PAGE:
• Women were more likely than men to have depression, the survey found.
  • Half of those who reported being diagnosed with a common mental disorder said that they had experienced the condition in the past 12 months
  • 3% of men and 5% of women reported they had self-harmed
  • 4% of men and 7% of women reported suicide attempts
  • In terms of depression – including post-natal depression – 24% of women reported having had the condition at some stage, compared with 13% of men.

On a day I find myself at home unwell – for the first time in 3 years – I have found myself still up at 6am to set cover, notify colleagues of my absence and put in place information for missed meetings and classwork for my absent classes. I admit this is not as serious a case as colleagues who will be suffering from serious mental health issues, but it is important that we talk more about health and well-being as teachers more often. As a deputy headteacher, I am not shy to admit when I am over-worked, stressed or feeling a bit blue, but over the years I have learnt how to keep this to myself because it has been etched into my psyche that this is the preferred ‘leadership thing to do’, to be able to cope with the demands of a 50+ hour working week. It has become so normal, I am numbed to the sensations of stress, tiredness and guilt. But is that acceptable?

Of course it isn’t. So, although we can now acknowledge there is a growing crisis with mental health, even though May pledges to tackle the stigma, there is going to be no additional funding to help those who are reaching fever pitch!

Teachers: look after yourself, because if you don’t, you’re no good to those around you, or to the students in your care. There are experts who are here to help, so make sure you listen to those around you and stop, listen and act.


3 thoughts on “Fever Pitch!

  1. I really find this writing pertinent and important Ross. I’m running artist teacher well being Saturday courses at the moment and it’s like opening a lid on a boiling pan. And, as you say, people carry on spinning plates when they should be saying ‘no’ or ‘I can’t’. Mrs May is offering to train at least one teacher per school to spot mental health issues in children. One? Plus, as you say, what level of training will that be? She’s not offering any true solution to a crisis which affects so many young people. A lot of that pressure (which leads to depression etc) comes from the regime of testing, accountability, pass and fail culture that the last three governments have heartily created and endorsed in our schools. (The government ditched Natasha Devon when she pointed that out.). Teacher burnout emanates from the same. And that’s also why both recruitment and retention are in crisis. I must go now and prepare for my next day with my PGCE group, they all come back from placement exhausted but still want to be teachers, to make a difference. That’s what keeps me going.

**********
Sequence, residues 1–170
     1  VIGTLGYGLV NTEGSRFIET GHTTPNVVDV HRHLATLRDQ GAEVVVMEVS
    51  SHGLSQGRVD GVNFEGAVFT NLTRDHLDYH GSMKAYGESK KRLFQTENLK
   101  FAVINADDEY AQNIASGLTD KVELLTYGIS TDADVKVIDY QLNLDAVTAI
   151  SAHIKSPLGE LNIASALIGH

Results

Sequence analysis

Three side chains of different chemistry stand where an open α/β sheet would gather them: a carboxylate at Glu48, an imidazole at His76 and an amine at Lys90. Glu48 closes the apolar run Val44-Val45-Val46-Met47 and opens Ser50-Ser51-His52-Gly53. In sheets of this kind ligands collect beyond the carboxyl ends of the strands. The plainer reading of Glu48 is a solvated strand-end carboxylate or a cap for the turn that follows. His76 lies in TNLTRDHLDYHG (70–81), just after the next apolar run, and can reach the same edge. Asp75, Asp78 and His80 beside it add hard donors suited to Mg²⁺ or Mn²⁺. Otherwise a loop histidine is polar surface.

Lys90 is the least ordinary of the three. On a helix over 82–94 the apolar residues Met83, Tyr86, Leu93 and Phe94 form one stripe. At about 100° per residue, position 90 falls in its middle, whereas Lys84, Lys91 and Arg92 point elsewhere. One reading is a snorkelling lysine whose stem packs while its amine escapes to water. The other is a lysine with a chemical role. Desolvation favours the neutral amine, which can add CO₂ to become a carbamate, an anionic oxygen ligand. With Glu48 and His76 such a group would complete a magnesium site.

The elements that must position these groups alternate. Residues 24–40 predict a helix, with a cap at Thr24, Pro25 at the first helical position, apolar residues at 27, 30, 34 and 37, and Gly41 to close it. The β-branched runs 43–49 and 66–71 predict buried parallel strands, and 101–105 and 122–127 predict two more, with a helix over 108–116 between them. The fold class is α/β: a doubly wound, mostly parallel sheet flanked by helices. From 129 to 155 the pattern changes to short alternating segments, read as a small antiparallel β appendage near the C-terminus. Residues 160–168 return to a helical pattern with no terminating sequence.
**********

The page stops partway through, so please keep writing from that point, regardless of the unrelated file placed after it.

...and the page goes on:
2. As a teacher of 25 years who has anaemia and migraines and therefore has moods which dip and soar like a roller coaster this blog has resonated with me. I decided early in my career that Inwould take the time off work as and when I needed it otherwise I would not survive. Over and over again I read and hear professionals stating this is what you need to do – put yourself first. Yet the guilt I still feel for doing this is immense and at times as crippling as the migraines which force me back to bed. Part of the reason For this is encapsulated in the phrase you use when referring to your day of illness – for the first time in three years. Teachers have this competitive desire to prove their worth through their attendance. It is a badge of honour. It is a badge I cannot claim and yet I am hardworking, committed and successful. So yes I feel even more guilt. This is probably true of more professionals than teaching and does suggest we need to look really carefully at why it has come about within our working culture. (I suggest would suggest links to neoliberal policies and an overly competitive consumer society but that is for another discussion.)
    I think for the teaching profession it is an acute issue as a school needs a teacher in front of a class of students. However if we accept that we are not superhuman that each of is likely to have days when we are ill maybe we should be looking at how we deploy staff. Maybe more team teaching, job shares and other creative ways to deploy staff would ease the pressure on all of us. The first step is to reach an acceptance that all of us will need time to recover, recuperate and rest at some stage of our working life and that this is okay. Get well soon and take care of yourself.

    1. I agree re. badge of honour. The only reason I wanted to go into work, was not to tarnish my 100% attendance. Doesn’t make me any better or worse in performance or health! Job shares and team teaching are not financially viable, but are a sure way to rescue and motivate the profession which is on its knees.

Leave a Reply

Your email address will not be published. Required fields are marked *

This site uses Akismet to reduce spam. Learn how your comment data is processed.